Anti-torque devices can be small multi-bladed tail rotors, ducted fans/fenestron, and some helicopters don’t use one at all (NOTAR/no tail rotor).
Single and twin-rotor UAVs typically require a swashplate mechanism located at the rotor shaft consisting of a bottom and top independent swashplate (bottom is stationary and top moves with rotor) while being attached together via a bearing.
The top swashplate is attached to the rotor shaft via a driver and is also attached to the blades using control rods.
Swashplate mechanisms are required for the main rotor as they enable the operator to pivot the main rotor in the direction the operates wants to travel.
Common powerplants include engines, batteries, drone tethers, fuel cells (FCs) among others (more on this below).
Propulsion devices include propellers that in this case act as airfoils which are types of fins.
Check out our full article on rotary-wing parts/components where we dive into what each is, how they work and the different sub-types of each component (if any):
Related Post: Main Rotary-Wing Drone/UAV Parts & Components Explained
What Are The Advantages & Disadvantages Of Single-Rotor UAVs?
Single-rotor drones/UAVs are probably the second most popular rotary-wing configuration used in drones alongside multi-rotor UAVs which take first place.
We’ve split up the advantages and disadvantages into their own separate sections.
Single-rotor drone/UAV advantages
Here are 4 advantages of single-rotor unmanned aerial vehicles (UAVs):
- Their large main rotor can spin slower saving energy while generating the same amount of lift as multiple smaller rotors
- They can hover in place for extended periods of time
- They can operate for a longer periods of time than other types of rotary-wing UAVs
- They can takeoff and land in small spaces as they don’t require a runway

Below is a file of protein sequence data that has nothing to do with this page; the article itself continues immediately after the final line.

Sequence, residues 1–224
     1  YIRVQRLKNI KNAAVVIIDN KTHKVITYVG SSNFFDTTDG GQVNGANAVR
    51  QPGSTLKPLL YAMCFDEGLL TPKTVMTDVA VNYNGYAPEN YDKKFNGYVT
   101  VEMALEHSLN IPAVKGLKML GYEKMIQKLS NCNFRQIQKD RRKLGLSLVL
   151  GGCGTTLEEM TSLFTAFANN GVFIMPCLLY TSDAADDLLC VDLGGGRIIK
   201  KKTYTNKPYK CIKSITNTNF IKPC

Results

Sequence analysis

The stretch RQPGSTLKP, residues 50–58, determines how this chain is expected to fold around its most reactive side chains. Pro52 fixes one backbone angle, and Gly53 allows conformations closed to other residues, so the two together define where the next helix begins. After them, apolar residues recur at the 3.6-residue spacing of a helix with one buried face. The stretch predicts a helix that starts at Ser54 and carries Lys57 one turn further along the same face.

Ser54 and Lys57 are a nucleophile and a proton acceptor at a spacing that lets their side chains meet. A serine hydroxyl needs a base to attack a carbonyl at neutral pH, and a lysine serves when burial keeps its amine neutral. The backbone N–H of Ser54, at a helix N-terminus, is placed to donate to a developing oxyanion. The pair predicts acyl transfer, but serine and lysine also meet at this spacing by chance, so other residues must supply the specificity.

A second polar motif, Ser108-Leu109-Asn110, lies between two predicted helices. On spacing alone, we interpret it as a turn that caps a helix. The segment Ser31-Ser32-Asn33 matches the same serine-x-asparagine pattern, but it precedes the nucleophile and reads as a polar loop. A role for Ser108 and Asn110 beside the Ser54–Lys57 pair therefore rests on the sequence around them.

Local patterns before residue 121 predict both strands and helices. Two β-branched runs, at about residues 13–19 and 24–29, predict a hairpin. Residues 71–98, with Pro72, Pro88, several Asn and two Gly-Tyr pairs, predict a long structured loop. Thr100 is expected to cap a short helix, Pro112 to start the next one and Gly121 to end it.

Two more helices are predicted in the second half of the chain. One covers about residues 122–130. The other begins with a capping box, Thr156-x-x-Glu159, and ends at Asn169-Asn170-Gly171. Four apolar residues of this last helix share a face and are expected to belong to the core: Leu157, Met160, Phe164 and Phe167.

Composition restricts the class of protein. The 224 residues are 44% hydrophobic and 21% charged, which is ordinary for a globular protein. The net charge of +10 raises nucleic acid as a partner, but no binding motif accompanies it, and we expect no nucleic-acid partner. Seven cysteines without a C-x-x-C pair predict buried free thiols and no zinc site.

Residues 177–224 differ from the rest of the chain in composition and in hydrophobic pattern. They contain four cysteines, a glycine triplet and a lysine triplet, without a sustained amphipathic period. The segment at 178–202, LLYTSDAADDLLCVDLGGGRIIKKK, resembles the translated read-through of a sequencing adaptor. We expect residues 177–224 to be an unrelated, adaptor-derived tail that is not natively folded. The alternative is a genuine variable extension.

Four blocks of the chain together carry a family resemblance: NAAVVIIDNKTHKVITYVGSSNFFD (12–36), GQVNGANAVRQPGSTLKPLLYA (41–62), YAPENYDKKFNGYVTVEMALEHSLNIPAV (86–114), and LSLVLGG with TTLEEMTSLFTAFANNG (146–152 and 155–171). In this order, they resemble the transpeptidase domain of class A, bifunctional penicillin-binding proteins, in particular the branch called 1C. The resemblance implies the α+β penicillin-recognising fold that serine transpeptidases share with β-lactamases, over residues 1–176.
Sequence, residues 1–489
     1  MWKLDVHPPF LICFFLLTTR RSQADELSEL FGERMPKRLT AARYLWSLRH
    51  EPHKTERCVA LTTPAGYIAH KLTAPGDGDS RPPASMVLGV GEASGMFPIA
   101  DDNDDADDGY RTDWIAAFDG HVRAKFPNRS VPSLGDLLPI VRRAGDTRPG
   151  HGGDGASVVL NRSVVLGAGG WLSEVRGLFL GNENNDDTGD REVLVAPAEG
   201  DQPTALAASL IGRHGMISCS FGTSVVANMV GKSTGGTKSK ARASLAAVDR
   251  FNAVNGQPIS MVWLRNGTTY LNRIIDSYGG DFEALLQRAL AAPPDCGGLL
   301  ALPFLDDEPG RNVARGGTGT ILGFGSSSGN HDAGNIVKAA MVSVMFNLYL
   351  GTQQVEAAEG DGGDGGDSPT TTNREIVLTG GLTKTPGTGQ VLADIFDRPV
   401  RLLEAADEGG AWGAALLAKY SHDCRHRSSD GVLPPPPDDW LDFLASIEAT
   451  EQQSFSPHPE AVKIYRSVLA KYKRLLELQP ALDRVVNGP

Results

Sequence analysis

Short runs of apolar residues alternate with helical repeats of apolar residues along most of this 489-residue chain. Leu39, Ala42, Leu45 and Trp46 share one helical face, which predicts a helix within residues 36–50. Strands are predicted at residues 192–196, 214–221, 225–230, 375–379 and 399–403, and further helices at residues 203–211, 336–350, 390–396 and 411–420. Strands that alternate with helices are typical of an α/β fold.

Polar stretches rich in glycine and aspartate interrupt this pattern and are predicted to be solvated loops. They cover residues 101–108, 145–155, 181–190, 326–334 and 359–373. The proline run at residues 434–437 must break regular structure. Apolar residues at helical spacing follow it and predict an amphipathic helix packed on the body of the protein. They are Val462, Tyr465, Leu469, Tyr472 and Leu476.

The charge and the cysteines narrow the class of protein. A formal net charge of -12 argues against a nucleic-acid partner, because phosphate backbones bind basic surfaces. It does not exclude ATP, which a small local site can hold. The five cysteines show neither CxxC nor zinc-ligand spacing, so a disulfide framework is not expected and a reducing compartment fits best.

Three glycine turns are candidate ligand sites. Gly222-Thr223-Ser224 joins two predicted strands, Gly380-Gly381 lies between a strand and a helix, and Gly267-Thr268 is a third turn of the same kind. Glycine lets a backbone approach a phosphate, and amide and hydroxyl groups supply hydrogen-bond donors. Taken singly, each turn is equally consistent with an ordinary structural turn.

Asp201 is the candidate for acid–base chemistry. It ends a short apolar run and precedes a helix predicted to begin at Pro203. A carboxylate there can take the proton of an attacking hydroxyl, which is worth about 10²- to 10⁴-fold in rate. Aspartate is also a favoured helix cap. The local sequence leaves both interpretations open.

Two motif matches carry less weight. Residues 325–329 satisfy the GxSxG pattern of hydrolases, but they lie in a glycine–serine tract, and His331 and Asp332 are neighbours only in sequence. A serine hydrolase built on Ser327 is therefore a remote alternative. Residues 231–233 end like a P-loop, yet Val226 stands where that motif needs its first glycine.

Single-rotor drone/UAV disadvantages
Here are 5 disadvantages of single-rotor unmanned aerial vehicles (UAVs):
- There are many moving parts creating vibrations that can make them less stable
- They are slower than multi-rotor UAVs specifically
- They typically have small payload capacities compared to other types of drones
- They are typically much louder than other types of UAVs
- They are often more prone to being negatively affected by crosswinds which can reduce the effectiveness of their rotor/s
Check out our full post on rotary-wing advantages and disadvantages where we explain several benefits and drawbacks to these UAVs:
What Are Some Examples Of Single-Rotor UAVs?
Here are 11 examples of single-rotor UAVs:
|MQ-8B Fire Scout||Northrop Grumman||Rolls-Royce Model 250 Engine|
|Camcopter S-100||Schiebel||Austro Engine AE50R Wankel Engine|
|Alpha 800||Alpha Security and Defense||Gasoline Engine+Backup Battery|
|VSR700||Airbus||Thielert Centurion 2.0 Diesel & Jet Fuel Engine|
|Tanan 300||Airbus Defense & Space+Cassidian||Diesel Engine|
|Vapor 55||AeroVironment (Pulse Aerospace)||LiHv Battery|
|DZ15||Doosan Mobility Innovation||Hydrogen Fuel Cell Powerpack|
|A160 Hummingbird (YMQ-18A)||Boeing||Pratt & Whitney Canada PW207D Engine|
|Vigilant||Techno-sud||2-Stroke Piston Engine|
|NEO S-300||Swiss UAV||JetA1 Single Turbine Engine|
|Unmanned Little Bird (ULB)||Boeing||Allison 250-C30 Turboshaft Engine|
If you’d like to discover who the best drone companies are in the world for the consumer, commercial and military drone markets and some fun facts about them, we have a full post on this topic below:
Thank you for reading! We hope you learned something new.
We highly recommend you check out our main article on what rotary-wing UAVs are to learn more about these incredible types of drones.